The divine self-limit means that humans must pick up the slack in creating life and repairing the world. Rather than confer a paradise by miracles, God binds God’s self to depend on human actions to complete the world. By upholding the human role and making the divinely desired outcomes dependent upon human behavior, God enables human freedom. People
must participate in their own liberation or they remain imbued with a slave mentality. If paradise is simply bestowed, humans are likely to remain dependent, or even spoiled children, rather than repair their own world and become mature masters of their own fate.

The covenant mechanism protects against the two most widespread pathologies that flow from the human encounter with God. One is to neglect this world or even allow it to rot and instead pray for God to upgrade it miraculously (Footnote: Thus religion became in Marx’s critique the “opium of the masses” which enabled an unjust status quo to persist of necessity and established culture.) The other is to turn to God and to ritual life in order to escape from this world, with its challenges and burdens, into the timeless, perfect heavenly realms. The covenant tells humans that they have a companion or partner or helper, but that they must do their share. They must fulfill their commitment by creating life and doing good in this mortal realm.

Our parashah illustrates the covenantal method of working for tikkun olam, the repairing of the world. Out of deference to human needs and nature, society takes small and compromised steps toward the ultimate goal. The ideal diet of the Torah is vegetarianism; no creature should live by taking the life of other creatures. In the Garden of Eden, all living animals including humans were vegetarian (Genesis 1:29-30). However, after the Flood, allowing for human hunting for food and human need for protein, permission is given to eat meat. (Genesis 9:3).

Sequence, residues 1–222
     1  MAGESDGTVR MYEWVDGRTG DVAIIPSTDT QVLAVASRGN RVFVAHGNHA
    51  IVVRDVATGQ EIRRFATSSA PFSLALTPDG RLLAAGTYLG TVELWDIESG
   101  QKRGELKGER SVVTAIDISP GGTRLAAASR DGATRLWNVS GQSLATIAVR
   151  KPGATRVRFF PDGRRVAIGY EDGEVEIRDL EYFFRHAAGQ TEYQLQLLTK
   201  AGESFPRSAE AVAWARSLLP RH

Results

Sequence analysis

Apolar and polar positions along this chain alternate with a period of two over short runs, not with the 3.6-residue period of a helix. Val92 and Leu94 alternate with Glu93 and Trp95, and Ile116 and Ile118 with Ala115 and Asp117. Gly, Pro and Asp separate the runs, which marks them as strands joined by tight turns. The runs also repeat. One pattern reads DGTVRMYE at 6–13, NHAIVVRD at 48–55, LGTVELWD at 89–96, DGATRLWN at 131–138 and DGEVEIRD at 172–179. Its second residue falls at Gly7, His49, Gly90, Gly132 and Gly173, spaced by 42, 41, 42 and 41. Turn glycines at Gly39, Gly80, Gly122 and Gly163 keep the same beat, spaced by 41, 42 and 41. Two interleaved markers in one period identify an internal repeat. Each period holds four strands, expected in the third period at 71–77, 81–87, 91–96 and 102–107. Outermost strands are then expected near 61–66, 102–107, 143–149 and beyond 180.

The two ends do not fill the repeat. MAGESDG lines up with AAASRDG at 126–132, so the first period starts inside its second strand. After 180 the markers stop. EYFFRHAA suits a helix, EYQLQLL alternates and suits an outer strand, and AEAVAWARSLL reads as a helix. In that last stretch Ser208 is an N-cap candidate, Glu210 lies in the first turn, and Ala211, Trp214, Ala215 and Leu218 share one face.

The covenantal goal of a final peaceful world is upheld by restricting meat eating. All humans are prohibited from eating blood of the animal. Blood is seen as the carrier of life (Leviticus 17:11). The prohibition is a reminder that the ideal remains not to take another life. Not consuming blood is humanity’s acknowledgment that it is “violating” the sanctity of life—out out of necessity and established culture. The prohibition goads people to try to ultimately reach the vegetarian ideal.

It is noteworthy that Noah’s covenant includes a warning not to shed the blood of humans. (Genesis 9:5-6). This is an acknowledgement that compromising with nature and culture by permitting the killing of animals raises the risk of humans acting out their hunting instincts by killing people. There is an implied moral risk in every compromise of the ideal. There is a price in accommodating human beings and the status quo.
Our parashah concludes this account by reminding us of the goal of this partnership: It is to fill the world with life and so upgrade the world as to enable people to live abundantly— not constrained, not deprived, not reduced—but rooted and flourishing lives (Genesis 9:7).

Postscript: The covenant with Noah is a universal covenant with all of humanity (and other living creatures, see Genesis 9). This covenant has not received that much attention in Jewish tradition, certainly not as much as the particular Jewish covenants, i.e. with Abraham, at Sinai, on the plains of Moab at the end of Moses’ life (Deuteronomy 29-30ff).

The Noahide covenant supplies the model in the Torah of covenantal process (ideal goal, initial lowered expectations or compromise in actions, upholding the ideal through ongoing restrictions, provision to minimize the inevitable, negative side effects and costs of compromises with an unredeemed status quo and a sign/marker of the covenant; in our
parashah the sign of the universal covenant is the rainbow, Genesis 9:12-17). This model shapes our understanding of all the later laws in the Book of the Covenant (Exodus 21-23) and the rest of the Torah.

I believe that all subsequent covenants—not just with the Jewish people but, I argue, those made with other non-Jewish covenantal communities as well—are based on and draw authority from this Noahide covenant.